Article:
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The Unknown Eros by Patmore

This eBook was produced by Les Bowler, St. Ives, Dorset.

THE UNKNOWN EROS by Coventry Patmore.


To this edition of "The Unknown Eros" are added all the other poems I have written, in what I venture--because it has no other name--to call "catalectic verse." Nearly all English metres owe their existence as metres to "catalexis," or pause, for the time of one or more feet, and, as a rule, the position and amount of catalexis are fixed. But the verse in which this volume is written is catalectic par excellence, employing the pause (as it does the rhyme) with freedom only limited by the exigencies of poetic passion. From the time of Drummond of Hawthornden to our own, some of the noblest flights of English poetry have been taken on the wings of this verse; but with ordinary readers it has been more or less discredited by the far greater number of abortive efforts, on the part sometimes of considerable poets, to adapt it to purposes with which it has no expressional correspondence; or to vary it by rhythmical movements which are destructive of its character.

Some persons, unlearned in the subject of metre, have objected to this kind of verse that it is "lawless." But it has its laws as truly as any other. In its highest order, the lyric or "ode," it is a tetrameter, the line having the time of eight iambics. When it descends to narrative, or the expression of a less-exalted strain of thought, it becomes a trimeter, having the time of six iambics, or even a dimeter, with the time of four; and it is allowable to vary the tetrameter "ode" by the occasional introduction of passages in either or both of these inferior measures, but not, I think, by the use of any other. The license to rhyme at indefinite intervals is counterbalanced, in the writing of all poets who have employed this metre successfully, by unusual frequency in the recurrence of the same rhyme. For information on the generally overlooked but primarily important function of catalexis in English verse I refer such readers as may be curious about the subject to the Essay printed as an appendix to the later editions of my collected poems.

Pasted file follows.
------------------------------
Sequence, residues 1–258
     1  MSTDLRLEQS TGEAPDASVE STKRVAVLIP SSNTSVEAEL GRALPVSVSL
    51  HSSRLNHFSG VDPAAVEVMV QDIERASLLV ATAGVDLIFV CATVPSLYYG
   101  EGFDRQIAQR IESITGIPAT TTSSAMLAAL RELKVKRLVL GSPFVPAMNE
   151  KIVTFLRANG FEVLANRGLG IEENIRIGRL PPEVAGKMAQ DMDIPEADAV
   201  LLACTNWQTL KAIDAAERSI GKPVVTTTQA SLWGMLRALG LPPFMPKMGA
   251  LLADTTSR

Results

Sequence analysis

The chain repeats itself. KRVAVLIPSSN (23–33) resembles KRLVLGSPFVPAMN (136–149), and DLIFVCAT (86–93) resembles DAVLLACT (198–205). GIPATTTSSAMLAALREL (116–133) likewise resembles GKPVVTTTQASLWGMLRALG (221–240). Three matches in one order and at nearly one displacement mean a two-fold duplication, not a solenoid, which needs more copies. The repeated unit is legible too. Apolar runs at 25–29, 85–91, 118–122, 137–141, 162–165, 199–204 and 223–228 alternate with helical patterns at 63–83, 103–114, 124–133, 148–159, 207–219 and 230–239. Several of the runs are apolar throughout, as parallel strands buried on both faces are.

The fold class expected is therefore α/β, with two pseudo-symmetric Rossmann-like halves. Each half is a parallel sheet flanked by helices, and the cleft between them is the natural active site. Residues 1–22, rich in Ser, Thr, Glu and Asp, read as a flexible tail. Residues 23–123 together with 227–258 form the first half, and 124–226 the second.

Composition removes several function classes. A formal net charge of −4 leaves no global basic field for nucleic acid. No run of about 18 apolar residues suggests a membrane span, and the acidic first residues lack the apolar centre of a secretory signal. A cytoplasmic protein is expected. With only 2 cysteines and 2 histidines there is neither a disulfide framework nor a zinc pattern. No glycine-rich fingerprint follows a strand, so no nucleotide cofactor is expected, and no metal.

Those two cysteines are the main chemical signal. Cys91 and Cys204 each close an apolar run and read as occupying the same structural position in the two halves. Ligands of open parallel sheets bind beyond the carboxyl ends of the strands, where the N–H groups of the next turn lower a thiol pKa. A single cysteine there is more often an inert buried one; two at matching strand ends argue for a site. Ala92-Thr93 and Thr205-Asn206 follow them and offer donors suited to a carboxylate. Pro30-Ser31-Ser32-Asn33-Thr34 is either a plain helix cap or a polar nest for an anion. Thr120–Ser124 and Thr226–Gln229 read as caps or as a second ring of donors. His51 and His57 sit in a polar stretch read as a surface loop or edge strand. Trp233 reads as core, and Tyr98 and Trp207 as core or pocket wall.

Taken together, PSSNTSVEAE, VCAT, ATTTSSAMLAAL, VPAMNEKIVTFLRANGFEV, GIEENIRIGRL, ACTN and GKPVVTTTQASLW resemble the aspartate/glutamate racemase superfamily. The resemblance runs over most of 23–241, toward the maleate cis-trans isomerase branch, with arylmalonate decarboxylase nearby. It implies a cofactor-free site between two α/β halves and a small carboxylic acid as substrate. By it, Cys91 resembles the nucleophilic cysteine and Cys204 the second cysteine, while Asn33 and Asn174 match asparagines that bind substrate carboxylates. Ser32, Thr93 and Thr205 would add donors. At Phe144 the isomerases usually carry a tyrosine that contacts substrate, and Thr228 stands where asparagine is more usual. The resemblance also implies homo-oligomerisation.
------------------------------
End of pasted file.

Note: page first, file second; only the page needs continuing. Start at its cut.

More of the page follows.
I do not pretend to have done more than very moderate justice to the exceeding grace and dignity and the inexhaustible expressiveness of which this kind of metre is capable; but I can say that I have never attempted to write in it in the absence of that one justification of and prime qualification for its use, namely, the impulse of some thought that "voluntary moved harmonious numbers."





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